The 50s are often remembered as a peaceful carefree time in American history. Elvis gyrated, kids hula-hooped, the economy boomed, suburbs mushroomed, and everybody loved Lucy.
But the decade was also filled with fear and disillusionment. School children ducked and covered and suburbanites dug bomb shelters. McCarthy’s communist witch-hunt destroyed innocent lives and the Soviet launching of Sputnik shattered American self esteem. In Little Rock, white mobs barring nine black children from attending high school irreparably tarnished America’s image as a bastion of freedom.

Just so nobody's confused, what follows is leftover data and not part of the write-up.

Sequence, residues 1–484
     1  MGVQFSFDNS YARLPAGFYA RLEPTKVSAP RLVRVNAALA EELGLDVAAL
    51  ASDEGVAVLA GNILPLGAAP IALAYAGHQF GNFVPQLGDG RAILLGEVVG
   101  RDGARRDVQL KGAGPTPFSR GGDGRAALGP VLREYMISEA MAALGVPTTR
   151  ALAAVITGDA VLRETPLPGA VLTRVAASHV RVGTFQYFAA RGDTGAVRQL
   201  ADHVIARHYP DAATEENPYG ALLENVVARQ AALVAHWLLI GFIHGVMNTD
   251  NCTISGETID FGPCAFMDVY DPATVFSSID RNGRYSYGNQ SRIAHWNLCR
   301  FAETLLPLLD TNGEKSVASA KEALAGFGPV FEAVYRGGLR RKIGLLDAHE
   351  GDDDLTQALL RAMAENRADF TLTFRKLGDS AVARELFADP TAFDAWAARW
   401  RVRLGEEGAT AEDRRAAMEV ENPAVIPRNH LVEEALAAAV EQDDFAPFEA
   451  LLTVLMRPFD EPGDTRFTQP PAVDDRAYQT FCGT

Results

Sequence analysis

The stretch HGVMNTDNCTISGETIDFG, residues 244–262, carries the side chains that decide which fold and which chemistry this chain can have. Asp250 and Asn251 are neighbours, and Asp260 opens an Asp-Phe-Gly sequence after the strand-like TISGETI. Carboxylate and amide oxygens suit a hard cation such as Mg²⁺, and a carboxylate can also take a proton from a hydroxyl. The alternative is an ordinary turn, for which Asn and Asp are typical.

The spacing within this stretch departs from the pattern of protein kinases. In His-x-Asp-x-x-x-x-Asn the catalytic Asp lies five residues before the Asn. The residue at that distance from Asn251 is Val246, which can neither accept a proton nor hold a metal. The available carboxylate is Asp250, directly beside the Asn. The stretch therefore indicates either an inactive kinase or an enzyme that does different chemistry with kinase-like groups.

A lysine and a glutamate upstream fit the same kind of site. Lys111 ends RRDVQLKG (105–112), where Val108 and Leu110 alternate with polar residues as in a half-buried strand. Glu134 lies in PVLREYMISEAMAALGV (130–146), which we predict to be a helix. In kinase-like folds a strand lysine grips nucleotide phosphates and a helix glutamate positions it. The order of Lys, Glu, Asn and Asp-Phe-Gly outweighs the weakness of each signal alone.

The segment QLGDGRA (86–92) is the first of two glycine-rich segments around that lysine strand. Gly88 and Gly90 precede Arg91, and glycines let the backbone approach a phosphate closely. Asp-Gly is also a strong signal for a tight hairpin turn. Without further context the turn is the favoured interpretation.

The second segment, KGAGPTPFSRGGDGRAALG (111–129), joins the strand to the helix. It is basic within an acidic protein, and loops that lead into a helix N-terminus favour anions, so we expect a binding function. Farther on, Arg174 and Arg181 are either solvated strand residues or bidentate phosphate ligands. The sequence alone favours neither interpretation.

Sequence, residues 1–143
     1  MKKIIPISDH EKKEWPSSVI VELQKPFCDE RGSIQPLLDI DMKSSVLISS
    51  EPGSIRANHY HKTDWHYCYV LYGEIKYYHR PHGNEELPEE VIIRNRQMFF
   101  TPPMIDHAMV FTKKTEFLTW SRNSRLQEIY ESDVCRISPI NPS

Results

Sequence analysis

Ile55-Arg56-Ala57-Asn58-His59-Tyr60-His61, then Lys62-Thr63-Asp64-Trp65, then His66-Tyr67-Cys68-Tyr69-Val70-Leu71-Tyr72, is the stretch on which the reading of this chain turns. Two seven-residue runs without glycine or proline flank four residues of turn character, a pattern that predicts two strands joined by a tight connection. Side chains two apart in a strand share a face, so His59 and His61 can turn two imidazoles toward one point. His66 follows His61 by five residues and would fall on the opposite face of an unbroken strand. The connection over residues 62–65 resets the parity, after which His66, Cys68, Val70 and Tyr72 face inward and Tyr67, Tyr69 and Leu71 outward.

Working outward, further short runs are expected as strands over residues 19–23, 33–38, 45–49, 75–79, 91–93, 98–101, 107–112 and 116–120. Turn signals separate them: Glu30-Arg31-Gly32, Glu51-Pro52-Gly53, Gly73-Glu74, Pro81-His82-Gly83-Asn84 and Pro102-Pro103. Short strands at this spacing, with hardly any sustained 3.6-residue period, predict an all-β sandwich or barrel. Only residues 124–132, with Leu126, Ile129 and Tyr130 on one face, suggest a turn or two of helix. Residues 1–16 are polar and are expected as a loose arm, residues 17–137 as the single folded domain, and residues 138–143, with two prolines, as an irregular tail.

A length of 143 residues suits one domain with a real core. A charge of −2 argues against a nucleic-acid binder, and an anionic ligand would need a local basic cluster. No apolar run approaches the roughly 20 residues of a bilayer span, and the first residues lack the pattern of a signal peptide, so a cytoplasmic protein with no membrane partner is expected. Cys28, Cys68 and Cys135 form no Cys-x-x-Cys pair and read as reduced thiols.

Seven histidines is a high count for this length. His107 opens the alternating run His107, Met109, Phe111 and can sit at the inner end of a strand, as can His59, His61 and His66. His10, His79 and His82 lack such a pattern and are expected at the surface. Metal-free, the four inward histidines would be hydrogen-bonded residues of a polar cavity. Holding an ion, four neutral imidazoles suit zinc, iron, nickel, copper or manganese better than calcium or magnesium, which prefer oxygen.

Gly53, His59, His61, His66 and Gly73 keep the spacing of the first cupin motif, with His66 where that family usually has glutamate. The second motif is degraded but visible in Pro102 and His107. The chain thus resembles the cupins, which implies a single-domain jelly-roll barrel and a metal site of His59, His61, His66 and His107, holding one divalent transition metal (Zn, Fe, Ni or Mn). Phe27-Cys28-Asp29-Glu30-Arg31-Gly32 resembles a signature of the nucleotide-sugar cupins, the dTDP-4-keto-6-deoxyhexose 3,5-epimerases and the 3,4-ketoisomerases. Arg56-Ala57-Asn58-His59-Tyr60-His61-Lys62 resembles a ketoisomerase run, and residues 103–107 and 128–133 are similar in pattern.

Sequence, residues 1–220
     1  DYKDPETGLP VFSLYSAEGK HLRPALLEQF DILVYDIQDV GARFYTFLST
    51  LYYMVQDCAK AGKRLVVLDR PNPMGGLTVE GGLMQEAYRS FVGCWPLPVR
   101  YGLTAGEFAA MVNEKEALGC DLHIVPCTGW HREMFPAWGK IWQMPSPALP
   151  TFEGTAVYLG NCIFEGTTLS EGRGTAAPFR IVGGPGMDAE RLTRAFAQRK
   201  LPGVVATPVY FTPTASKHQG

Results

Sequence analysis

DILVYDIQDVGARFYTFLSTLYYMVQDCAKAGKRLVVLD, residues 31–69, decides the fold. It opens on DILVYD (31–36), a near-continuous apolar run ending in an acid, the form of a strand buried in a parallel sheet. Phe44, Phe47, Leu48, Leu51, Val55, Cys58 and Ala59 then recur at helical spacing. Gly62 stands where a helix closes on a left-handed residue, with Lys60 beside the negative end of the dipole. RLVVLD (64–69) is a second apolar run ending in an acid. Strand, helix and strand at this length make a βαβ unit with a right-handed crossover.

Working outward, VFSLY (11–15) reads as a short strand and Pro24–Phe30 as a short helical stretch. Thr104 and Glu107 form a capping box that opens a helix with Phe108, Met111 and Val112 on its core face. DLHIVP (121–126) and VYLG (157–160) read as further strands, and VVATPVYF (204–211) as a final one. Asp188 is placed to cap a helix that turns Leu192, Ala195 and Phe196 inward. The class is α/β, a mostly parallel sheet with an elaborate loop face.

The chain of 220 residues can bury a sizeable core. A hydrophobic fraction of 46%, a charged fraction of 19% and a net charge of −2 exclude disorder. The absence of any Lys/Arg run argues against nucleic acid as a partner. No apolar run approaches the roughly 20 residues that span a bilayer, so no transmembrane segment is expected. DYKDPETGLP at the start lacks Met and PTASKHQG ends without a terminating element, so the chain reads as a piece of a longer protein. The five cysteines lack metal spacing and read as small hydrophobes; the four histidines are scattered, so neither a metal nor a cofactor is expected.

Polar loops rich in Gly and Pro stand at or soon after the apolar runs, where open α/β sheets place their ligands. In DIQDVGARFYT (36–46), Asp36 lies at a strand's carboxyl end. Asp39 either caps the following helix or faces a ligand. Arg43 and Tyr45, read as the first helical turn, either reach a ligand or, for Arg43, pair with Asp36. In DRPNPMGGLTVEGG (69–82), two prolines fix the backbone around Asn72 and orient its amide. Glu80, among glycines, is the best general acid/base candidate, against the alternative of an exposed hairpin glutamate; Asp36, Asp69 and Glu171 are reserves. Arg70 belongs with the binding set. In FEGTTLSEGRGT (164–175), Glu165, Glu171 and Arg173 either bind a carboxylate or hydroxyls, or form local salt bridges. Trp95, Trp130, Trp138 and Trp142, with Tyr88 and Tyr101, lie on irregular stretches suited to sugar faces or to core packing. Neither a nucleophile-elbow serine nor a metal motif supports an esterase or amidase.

As 34th president, it was Dwight Eisenhower who steered America through the decade, maintaining a steady course down what he termed “the middle way.” His proven leadership in times of war, his honesty and optimism, bolstered Americans’ waning confidence in a world beleaguered by the threat of communism and teetering on the brink of nuclear destruction. He was a career soldier who, knowing all too well the horrors of war, strived to keep the country at peace. His bald head and steadfast grin was the emblematic image of the era and served as a grandfatherly reassurance that these were the best of times.